West Village has locked its gates today after residents tried to stage a temporary occupation on the site of the controversial development.

Councillor Jonathan Sri is currently still inside the premises, but additional security guards are now preventing residents from accessing the recently renovated laneway, which has until now been publicly accessible.

Under the South Brisbane Riverside Neighbourhood plan, the site was zoned for a maximum site coverage of 80% and a maximum height of 15 storeys.

The State Government’s approval limits the developer to the maximum site coverage of 80% but allows buildings as tall as 20 and 22 storeys.

“We’re happy for this site to develop and densify, but what the State Government has approved is clearly excessive and makes a mockery of the relevant laws and regulations,” Councillor Sri said.

“Brisbane needs a more nuanced conversation about urban densification that doesn’t over-simplify this as a ‘tall vs sprawl’ debate.”

“The Deputy Premier had the power to make the developer comply with the neighbourhood plan, but she chose not to do so.”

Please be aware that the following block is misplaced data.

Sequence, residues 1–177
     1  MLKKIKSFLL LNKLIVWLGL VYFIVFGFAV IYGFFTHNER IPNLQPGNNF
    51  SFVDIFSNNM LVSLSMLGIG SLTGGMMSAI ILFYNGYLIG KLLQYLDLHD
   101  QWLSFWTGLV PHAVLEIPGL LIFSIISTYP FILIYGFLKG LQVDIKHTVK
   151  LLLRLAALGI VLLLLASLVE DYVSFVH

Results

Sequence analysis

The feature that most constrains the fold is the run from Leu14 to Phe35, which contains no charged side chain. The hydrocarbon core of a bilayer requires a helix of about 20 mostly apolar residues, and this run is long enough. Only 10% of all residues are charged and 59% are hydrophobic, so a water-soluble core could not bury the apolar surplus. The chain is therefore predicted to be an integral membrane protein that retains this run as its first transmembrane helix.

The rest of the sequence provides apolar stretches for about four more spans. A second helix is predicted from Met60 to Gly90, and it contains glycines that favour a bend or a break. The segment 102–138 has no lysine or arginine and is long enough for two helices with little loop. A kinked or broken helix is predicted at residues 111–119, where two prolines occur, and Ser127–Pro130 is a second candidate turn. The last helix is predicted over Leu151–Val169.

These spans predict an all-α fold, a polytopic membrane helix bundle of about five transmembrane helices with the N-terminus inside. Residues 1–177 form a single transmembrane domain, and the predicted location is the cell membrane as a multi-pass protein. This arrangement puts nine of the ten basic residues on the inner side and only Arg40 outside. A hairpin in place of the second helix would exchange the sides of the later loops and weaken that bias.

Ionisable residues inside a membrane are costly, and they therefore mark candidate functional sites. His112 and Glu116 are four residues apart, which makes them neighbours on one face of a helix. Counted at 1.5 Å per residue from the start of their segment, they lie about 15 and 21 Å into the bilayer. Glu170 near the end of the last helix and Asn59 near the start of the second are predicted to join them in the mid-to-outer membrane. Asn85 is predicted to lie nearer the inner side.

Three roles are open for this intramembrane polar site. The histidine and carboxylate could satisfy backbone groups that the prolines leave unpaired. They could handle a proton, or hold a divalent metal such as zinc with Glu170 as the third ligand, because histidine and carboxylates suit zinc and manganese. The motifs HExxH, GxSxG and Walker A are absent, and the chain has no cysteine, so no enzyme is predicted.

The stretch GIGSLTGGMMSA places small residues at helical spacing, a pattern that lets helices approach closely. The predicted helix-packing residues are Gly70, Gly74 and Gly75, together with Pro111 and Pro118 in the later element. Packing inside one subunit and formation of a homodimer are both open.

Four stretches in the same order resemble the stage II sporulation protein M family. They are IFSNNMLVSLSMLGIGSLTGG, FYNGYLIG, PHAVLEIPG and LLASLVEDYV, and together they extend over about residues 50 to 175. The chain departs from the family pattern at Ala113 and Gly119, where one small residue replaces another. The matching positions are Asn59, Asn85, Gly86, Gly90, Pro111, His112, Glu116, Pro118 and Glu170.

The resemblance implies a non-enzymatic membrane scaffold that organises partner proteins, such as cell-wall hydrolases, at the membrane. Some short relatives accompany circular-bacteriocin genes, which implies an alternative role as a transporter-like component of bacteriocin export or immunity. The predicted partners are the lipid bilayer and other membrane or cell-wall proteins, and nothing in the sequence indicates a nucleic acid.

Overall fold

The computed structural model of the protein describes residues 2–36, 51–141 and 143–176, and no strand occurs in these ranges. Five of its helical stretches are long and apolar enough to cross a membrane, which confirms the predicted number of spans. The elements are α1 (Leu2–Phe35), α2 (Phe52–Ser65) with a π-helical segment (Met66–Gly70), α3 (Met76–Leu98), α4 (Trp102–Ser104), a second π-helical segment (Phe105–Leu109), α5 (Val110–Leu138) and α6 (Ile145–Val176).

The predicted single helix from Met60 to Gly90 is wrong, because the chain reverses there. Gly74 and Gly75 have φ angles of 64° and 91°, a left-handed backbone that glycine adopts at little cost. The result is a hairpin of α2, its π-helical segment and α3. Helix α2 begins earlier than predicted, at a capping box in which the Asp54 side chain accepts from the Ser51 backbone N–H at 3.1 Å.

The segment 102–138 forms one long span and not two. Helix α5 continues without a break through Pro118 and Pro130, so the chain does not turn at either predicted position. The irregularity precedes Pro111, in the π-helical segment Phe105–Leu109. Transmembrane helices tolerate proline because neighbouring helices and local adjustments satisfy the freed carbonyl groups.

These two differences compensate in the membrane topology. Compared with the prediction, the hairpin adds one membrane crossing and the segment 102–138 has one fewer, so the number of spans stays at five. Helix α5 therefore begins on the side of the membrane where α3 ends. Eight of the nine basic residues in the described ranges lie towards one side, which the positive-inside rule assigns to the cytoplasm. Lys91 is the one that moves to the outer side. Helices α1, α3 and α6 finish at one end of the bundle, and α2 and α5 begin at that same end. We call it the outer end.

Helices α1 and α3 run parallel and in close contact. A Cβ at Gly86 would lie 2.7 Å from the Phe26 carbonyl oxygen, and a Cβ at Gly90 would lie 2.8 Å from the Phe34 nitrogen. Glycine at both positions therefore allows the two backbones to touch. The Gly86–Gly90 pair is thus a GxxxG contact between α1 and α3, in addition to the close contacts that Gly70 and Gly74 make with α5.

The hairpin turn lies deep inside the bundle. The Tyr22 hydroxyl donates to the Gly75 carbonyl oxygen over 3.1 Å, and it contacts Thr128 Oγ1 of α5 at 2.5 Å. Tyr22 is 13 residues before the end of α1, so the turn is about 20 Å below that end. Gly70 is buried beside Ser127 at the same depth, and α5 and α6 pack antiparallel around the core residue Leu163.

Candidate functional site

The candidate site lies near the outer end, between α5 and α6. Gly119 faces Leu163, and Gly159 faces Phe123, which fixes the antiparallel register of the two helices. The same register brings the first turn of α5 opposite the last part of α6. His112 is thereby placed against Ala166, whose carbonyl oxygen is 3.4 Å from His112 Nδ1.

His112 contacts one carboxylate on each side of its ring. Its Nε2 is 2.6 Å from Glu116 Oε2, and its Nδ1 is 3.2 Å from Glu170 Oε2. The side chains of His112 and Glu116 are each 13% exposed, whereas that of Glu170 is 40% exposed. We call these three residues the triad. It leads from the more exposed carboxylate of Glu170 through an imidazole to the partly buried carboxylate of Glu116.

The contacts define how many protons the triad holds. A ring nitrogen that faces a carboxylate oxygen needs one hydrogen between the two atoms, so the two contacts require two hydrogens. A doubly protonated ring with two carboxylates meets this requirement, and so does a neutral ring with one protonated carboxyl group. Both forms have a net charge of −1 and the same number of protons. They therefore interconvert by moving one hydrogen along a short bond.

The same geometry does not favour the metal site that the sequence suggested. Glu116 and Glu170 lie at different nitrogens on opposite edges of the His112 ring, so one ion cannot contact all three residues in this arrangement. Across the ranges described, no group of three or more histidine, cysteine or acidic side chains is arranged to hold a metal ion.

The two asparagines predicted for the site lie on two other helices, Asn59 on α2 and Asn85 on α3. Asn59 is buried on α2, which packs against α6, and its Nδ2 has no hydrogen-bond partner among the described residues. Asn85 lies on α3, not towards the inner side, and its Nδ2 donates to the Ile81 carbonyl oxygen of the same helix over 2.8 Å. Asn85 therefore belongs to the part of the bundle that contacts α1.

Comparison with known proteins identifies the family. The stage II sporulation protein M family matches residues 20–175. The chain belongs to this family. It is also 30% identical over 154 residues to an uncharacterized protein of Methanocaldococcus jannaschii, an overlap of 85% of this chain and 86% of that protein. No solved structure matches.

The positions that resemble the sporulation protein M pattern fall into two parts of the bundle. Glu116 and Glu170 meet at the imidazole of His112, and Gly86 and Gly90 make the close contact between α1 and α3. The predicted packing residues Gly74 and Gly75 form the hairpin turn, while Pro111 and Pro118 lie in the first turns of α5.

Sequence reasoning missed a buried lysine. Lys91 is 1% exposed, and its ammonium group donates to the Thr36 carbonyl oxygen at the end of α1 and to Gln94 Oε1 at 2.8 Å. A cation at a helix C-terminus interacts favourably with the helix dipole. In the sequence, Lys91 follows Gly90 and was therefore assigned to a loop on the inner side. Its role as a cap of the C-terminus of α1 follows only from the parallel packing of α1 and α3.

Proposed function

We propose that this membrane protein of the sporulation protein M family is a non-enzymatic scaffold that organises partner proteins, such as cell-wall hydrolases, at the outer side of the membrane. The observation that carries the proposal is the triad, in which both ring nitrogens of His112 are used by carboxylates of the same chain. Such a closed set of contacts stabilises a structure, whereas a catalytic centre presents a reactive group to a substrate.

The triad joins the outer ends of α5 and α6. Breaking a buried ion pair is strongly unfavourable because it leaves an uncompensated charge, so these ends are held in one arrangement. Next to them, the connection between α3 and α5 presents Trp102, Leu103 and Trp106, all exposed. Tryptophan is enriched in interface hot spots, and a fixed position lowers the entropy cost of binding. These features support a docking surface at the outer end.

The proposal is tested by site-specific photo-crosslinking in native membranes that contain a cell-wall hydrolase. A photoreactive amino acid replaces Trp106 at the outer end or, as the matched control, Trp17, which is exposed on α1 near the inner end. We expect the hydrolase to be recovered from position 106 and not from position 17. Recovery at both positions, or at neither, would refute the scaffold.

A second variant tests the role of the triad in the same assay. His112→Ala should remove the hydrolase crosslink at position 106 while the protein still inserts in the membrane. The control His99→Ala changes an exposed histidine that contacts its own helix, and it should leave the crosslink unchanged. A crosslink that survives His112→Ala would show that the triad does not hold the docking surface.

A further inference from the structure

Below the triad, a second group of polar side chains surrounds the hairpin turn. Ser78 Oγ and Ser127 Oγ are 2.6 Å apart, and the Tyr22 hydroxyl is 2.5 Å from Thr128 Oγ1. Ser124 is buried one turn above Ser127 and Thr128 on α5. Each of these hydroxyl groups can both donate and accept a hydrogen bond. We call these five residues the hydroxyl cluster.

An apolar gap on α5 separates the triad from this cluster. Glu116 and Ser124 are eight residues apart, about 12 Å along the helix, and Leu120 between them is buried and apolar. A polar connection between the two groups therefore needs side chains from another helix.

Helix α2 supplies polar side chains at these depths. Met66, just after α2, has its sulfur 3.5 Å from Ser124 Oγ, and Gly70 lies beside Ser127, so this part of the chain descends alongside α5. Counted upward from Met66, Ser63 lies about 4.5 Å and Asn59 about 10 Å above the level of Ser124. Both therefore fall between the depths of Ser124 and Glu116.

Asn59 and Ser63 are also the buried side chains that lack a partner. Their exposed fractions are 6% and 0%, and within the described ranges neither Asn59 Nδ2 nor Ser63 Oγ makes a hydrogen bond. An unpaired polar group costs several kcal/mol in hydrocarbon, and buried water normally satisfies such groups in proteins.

“I assume it’s because she didn’t want to enforce any changes that might reduce the developer’s profits, but I’m happy to be corrected on that.”

“We aren’t going to interfere with the construction site today, but we want the developers and the Deputy Premier to understand how unhappy we are with this outcome.”

“Today the developers have barred access to residents who were trying to engage in peaceful protest – this shows one of the important differences between a genuine public park and open space that is privately owned.”

“The 20% open space is the minimum that the developers were required to provide with a height limit of 15 storeys. If they build to 22 storeys, they should have to provide more than the bare minimum of green space and community facilities.”

“The bigger problem is that a site of this size and significance should have been masterplanned by the community, and should have included a component of affordable community housing or public housing.”

“It’s not right that poorer residents are being priced out to the suburban fringe while wealthy investors leave new inner-city apartments sitting empty.”

“Australia’s debt-to-income ratio is unsustainable – first homebuyers can’t get into the housing market without taking on huge mortgages, and meanwhile multinational developers are reaping huge profits.”

– Media contacts: Jonathan Sri – 34032165